Prof wonders why candidates won’t name donors before vote

Toronto candidates for mayor George Smitherman, Rocco Rossi and Sarah Thomson intend to keep their donor lists a secret until the law requires them to disclose the names more than five months after election day, wrote The Globe and Mail Sept. 17.

The holdouts aren’t breaking any rules, but they are deviating from a practice that has become the norm in megacity elections, wrote the Globe. In 2006 and 2003, the top candidates for mayor disclosed their contribution lists before ballots were cast.

“I think they’re behind the curve on their understanding of voters’ interest in this,” said Robert MacDermid, a professor in York’s Faculty of Liberal Arts & Professional Studies who studies municipal campaign finance. “If we could poll people on this issue, I think we would find a large majority in favour of telling people where the money comes from before the election happens. I think maybe these three candidates haven’t appreciated that.

“I’m perplexed at why it would make much difference before or after,” MacDermid said. “They [donors] know that their names are going to be made public afterward if they contributed more than $100. What difference would it make?”

Another shot of Dusk

Matt Dusk (BFA Spec. Hons. ’02) prefers the word perseverance to annoying, but he’s not above admitting he was a bit of both in landing his PBS special “Matt Dusk: Live From Las Vegas”, wrote the Welland Tribune Sept. 17.

The show, which will air in March 2011 during the PBS Pledge Drive, was taped Aug. 25 before a live audience at the Crown Theater in the Rio All-Suite Hotel & Casino.

“It was a lot of hard work and persistence and being annoying on my behalf,” he said of getting the gig. “I was trying to get this for 3-1/2 years. In January, I was sitting in my house and I thought, why hasn’t this happened? And I pitched the idea again.”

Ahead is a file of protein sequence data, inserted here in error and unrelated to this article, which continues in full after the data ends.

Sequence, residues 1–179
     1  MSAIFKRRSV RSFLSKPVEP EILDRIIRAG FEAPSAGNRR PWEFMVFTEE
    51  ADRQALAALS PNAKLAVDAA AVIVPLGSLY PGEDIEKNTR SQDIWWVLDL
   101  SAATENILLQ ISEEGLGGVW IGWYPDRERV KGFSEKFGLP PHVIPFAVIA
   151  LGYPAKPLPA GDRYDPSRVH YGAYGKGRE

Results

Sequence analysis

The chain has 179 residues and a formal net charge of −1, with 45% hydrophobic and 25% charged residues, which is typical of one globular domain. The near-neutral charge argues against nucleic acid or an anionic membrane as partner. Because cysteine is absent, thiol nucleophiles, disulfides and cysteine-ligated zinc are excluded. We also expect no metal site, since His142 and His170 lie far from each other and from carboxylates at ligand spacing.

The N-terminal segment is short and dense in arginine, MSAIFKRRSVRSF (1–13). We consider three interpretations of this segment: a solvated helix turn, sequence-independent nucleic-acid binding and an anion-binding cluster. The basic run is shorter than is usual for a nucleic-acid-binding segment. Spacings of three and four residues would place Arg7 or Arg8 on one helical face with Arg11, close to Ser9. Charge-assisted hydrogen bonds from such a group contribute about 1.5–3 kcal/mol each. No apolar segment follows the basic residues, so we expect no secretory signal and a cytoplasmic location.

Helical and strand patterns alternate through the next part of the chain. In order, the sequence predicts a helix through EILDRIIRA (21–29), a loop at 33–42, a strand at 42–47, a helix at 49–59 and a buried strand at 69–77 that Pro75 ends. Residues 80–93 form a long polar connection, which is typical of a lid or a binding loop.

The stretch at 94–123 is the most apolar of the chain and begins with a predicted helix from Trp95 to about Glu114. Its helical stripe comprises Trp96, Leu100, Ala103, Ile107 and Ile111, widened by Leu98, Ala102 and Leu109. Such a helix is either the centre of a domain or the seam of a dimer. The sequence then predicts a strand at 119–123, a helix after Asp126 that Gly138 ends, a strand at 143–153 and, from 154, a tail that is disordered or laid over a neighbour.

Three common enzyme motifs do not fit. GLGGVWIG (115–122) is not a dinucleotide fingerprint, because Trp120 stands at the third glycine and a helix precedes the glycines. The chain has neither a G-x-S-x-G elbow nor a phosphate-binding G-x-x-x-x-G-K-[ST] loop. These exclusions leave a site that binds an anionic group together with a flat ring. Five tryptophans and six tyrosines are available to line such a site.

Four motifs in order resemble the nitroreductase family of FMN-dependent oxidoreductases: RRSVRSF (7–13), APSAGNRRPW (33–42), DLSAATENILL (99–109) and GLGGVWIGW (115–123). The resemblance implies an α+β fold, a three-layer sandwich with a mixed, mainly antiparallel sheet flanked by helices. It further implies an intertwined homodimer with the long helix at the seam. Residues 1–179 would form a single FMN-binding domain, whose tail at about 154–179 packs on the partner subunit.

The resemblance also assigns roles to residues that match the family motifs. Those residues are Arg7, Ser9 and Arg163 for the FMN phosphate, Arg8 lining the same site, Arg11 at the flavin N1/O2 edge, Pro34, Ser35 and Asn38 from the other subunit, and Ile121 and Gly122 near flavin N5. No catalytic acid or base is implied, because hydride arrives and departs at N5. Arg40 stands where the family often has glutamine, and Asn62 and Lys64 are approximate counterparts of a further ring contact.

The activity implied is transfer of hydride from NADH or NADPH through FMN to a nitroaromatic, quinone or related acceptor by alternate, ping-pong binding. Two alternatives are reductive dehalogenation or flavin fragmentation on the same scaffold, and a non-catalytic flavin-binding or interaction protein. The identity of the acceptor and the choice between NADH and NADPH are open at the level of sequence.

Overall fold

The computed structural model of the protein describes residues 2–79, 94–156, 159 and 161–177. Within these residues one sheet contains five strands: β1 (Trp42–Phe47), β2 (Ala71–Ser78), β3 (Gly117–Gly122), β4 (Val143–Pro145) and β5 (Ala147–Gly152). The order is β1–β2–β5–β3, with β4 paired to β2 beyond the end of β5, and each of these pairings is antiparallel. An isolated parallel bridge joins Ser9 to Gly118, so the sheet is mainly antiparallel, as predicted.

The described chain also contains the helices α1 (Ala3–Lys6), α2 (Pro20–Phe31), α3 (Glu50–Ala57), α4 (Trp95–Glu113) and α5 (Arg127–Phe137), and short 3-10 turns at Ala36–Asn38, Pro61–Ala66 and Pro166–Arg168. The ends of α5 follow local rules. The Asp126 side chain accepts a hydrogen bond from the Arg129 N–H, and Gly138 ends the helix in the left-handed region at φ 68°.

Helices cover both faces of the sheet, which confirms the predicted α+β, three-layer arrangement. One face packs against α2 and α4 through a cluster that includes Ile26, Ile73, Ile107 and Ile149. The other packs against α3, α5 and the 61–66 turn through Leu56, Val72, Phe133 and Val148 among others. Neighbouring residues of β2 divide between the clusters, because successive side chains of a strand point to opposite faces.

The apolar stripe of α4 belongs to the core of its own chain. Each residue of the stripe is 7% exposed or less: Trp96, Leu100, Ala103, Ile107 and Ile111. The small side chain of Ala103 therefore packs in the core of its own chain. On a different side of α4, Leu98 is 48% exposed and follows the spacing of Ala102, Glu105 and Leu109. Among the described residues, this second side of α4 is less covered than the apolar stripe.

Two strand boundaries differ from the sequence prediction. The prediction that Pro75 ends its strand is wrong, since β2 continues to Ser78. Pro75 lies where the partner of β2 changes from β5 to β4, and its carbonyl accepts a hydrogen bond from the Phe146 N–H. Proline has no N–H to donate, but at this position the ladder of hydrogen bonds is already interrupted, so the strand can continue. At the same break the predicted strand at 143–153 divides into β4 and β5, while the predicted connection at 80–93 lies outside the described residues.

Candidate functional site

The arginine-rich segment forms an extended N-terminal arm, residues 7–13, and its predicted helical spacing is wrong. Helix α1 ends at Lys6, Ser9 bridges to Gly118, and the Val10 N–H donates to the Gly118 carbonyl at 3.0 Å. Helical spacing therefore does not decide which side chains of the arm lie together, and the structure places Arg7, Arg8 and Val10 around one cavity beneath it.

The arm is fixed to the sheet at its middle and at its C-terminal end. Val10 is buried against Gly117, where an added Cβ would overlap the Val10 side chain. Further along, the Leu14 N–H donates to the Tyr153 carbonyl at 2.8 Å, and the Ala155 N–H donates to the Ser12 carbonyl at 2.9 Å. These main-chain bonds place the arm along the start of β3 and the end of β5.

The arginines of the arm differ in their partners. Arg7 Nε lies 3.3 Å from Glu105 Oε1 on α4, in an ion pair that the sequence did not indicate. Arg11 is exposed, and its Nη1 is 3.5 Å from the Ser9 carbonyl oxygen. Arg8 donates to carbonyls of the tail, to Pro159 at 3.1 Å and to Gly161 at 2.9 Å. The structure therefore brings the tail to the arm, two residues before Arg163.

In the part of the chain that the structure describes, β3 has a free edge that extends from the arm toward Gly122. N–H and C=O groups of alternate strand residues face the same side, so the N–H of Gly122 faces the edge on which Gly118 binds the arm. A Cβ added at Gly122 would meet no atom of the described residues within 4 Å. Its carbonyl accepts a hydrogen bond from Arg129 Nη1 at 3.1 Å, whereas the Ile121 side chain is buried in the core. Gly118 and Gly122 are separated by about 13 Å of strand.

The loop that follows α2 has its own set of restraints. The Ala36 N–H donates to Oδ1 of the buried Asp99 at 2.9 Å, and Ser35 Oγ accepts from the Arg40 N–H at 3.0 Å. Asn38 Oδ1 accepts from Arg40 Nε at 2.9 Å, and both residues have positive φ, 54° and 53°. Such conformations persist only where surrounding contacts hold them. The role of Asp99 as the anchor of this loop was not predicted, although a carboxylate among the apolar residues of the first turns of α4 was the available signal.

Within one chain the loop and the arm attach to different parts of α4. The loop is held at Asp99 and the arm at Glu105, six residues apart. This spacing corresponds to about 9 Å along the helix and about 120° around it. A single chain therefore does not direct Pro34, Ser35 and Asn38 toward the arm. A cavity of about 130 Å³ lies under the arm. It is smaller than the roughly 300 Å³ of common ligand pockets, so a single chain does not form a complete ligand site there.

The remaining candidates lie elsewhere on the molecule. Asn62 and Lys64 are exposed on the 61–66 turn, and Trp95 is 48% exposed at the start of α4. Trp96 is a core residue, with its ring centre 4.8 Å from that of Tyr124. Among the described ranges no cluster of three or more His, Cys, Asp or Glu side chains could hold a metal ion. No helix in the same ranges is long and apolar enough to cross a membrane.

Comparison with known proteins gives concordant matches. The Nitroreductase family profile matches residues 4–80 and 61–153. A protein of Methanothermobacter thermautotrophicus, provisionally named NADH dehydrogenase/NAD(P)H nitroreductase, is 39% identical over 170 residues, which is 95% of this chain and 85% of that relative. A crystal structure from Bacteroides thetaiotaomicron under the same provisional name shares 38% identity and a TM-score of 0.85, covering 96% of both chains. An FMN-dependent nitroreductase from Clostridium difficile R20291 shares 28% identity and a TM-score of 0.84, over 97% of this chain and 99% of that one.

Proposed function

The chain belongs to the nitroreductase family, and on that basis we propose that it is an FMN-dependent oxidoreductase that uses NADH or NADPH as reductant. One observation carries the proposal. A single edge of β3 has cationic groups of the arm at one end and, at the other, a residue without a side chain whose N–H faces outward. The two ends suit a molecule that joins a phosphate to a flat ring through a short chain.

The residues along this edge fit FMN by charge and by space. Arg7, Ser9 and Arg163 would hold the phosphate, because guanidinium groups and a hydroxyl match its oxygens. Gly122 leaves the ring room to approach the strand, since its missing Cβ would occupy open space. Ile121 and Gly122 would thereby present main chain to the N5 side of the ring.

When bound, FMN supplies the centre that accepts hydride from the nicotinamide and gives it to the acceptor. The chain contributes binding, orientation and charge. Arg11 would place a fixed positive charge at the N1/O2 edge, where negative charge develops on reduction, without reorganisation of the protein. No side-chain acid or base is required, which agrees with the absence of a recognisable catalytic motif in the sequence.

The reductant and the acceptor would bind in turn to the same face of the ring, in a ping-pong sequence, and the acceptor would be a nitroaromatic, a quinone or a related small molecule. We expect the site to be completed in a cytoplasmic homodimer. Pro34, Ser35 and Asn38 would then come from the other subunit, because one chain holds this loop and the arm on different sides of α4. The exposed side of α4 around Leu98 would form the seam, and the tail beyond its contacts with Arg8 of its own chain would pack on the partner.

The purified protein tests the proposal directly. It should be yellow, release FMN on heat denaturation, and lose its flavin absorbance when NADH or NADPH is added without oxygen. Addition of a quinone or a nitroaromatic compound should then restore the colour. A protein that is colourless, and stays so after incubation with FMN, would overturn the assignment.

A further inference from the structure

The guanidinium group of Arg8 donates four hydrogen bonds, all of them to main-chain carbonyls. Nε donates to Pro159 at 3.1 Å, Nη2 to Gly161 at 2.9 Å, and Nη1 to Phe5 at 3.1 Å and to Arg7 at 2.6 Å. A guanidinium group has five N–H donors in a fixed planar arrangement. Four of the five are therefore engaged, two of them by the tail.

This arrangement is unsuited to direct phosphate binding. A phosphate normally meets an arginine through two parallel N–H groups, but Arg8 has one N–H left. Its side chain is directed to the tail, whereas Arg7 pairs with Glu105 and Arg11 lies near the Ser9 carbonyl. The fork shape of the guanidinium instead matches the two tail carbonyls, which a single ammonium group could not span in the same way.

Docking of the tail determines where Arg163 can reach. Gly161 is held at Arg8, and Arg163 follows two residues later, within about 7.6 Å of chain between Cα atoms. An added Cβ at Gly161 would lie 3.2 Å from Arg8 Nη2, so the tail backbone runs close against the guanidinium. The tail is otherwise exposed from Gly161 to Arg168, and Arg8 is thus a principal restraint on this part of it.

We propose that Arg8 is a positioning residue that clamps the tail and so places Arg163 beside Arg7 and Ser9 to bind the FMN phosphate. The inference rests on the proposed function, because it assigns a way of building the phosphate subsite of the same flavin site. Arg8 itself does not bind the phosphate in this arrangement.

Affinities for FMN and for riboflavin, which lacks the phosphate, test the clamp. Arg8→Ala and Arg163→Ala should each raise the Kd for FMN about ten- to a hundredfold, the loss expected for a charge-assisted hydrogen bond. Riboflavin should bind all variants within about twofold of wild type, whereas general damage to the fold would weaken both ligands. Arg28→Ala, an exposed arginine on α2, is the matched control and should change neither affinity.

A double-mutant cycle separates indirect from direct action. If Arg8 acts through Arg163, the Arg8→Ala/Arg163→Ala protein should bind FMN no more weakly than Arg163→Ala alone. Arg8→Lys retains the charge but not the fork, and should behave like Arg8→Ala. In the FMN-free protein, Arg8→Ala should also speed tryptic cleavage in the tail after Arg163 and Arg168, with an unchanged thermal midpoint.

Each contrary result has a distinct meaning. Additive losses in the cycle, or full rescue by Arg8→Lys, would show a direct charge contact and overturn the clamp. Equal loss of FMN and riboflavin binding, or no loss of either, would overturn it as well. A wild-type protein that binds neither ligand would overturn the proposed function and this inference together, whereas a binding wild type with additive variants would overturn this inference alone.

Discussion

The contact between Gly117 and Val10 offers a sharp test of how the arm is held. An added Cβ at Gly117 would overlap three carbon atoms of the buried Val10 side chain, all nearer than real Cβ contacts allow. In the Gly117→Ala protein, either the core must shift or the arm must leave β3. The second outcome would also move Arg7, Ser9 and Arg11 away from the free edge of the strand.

Dusk said he wanted to be featured on PBS because it’s one of the only ways a crooner like him can reach such a large audience. With the airwaves packed with tunes by Jay-Z, Rihanna and Eminem, it’s hard for a musician like Dusk to share that audience.

“Harry Connick Jr. can’t get on the radio if his life depended on it,” he said. “At the end of it all, we can reach 400 million people across North America. And it will be airing for over three years. It’s a pretty big deal. It will set up touring and other markets.”

[His latest album] Good News has done exceptionally well in Poland, quickly being certified gold. Before the end of the year, Dusk will perform in Berlin, Paris, Dubai and Hong Kong.

This fall, Dusk’s voice will also be heard on the small screen. His vocals will accompany the inner voice of morally bankrupt car salesman Richard Fitzpatrick, played by Jason Priestley, on the show "Call Me Fitz", which premieres Sept. 19, at 8pm, on HBO Canada.

Züm is here Monday

Brampton’s transit users will find out first-hand next week how the city has “pimped their ride”, wrote the Brampton Guardian Sept. 16.

At 4:45am Monday, 25 brand new Züm buses will start rolling along Queen Street West, from downtown Brampton right through to York Region as this city welcomes the start of bus rapid transit.

Brampton Mayor Susan Fennell said Brampton Transit buses used to make 13 trips a day between downtown and York University, but come Monday, Züm buses will be making 113 trips a day along the corridor – and they will be doing it in style.

Heated bus stops, brand new state-of-the-art buses, fewer stops, priority traffic signals, buses every 7-1/2 minutes during rush hour and every 15 minutes during off-peak times, and real-time alerts to let waiting riders know exactly when their bus will arrive to pick them up, are all part of the service offered by Züm buses.